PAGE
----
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Subject: Re: [boost] [next gen future-promise] What to call the monadic return type?
From: Avi Kivity (avi_at_[hidden])
Date: 2015-05-25 11:33:06

On 05/25/2015 05:57 PM, Niall Douglas wrote:
> On 25 May 2015 at 15:44, Avi Kivity wrote:
>> I believe error_code is unneeded. Exceptions are expected to be slow.
>> If you want another type of variant return, let the user encapsulate it
>> in T (could be optional<T>, or expected<T, E>, or whatever).
> Please read the rationale at
> tronglyconsiderusingconstexprsemanticwrappertransporttypestoreturnstat
> esfromfunctions as was requested.
> In particular, error_code is fast, and unexpected returns are not
> exceptional and must be as fast as expected returns.

As I mentioned, in this case the user can use expected<> or similar
themselves. Otherwise, what's the type of error_code? There could be an
infinite amount of error_code types to choose from (starting with simple
'enum class'es and continuing with error codes that include more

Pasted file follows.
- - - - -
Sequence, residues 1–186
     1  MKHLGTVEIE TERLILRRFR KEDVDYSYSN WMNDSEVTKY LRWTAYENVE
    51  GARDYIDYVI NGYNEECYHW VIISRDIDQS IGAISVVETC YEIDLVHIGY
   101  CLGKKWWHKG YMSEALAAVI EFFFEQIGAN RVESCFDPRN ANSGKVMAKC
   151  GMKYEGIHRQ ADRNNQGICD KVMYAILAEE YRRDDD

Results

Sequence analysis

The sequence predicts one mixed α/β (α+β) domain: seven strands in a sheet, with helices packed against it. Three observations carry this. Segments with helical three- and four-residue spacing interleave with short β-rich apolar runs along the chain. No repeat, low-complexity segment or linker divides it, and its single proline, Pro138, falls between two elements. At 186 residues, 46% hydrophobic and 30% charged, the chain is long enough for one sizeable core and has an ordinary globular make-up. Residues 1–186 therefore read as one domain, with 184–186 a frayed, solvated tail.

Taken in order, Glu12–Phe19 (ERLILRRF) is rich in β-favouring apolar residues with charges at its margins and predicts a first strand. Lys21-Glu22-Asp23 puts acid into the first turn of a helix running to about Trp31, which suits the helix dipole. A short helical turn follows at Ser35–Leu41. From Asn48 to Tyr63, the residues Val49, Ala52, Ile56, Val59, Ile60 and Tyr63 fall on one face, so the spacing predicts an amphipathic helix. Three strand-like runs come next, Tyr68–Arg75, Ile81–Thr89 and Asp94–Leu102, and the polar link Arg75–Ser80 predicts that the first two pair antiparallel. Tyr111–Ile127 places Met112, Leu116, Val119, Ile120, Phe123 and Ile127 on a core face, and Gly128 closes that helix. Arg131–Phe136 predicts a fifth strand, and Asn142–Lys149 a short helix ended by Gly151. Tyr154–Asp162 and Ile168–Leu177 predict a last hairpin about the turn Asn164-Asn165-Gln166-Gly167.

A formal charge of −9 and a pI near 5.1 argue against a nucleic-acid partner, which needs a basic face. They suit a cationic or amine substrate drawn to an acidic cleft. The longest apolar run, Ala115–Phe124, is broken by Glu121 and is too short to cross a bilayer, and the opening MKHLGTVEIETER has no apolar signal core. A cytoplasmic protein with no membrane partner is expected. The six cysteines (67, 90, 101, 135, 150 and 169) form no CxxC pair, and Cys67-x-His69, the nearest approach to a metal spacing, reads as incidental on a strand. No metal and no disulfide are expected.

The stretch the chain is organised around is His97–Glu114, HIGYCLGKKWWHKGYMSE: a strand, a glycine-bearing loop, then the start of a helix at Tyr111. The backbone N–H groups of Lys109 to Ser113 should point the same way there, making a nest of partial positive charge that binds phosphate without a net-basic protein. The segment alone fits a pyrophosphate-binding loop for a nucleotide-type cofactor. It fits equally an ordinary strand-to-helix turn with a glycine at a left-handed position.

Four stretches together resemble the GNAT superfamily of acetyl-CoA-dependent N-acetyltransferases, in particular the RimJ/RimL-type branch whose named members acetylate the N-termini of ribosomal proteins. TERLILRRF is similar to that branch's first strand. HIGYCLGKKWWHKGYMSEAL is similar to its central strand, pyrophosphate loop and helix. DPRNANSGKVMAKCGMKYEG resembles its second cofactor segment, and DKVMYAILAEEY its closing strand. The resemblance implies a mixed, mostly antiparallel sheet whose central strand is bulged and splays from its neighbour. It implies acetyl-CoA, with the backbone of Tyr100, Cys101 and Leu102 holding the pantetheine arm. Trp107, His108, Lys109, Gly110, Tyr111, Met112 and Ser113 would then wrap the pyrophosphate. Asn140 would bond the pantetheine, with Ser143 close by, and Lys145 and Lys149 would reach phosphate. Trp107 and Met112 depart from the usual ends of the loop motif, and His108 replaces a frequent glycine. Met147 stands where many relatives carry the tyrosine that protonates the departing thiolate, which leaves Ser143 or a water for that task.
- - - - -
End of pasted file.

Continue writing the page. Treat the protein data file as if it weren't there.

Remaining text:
information about the error (nonscalar objects).

> Also, any monadic transport would default construct to an unexpected
> state of a null error_code in fact, which is constexpr. This lets one
> work around a number of exception safety irritations where move
> constructor of T is not noexcept more easily.

I'm not sure how the default constructor of future<> and the move
constructor of T are related.

I'm not even sure why future<> would require a default constructor.
Seastar's doesn't have one.

>>> ... turns into a "mov $5, %eax", so future<T> is now also a
>>> lightweight monadic return transport capable of being directly
>>> constructed.
>> Can you post the code? I'd be very interested in comparing it with
>> seastar's non-allocating futures.
> I may do so once I've got the functioning constexpr reduction being
> unit tested per commit.

I'm looking forward to it! I've been bitten by the same compile time
explosion problems and I'm curious to see how you solved them.

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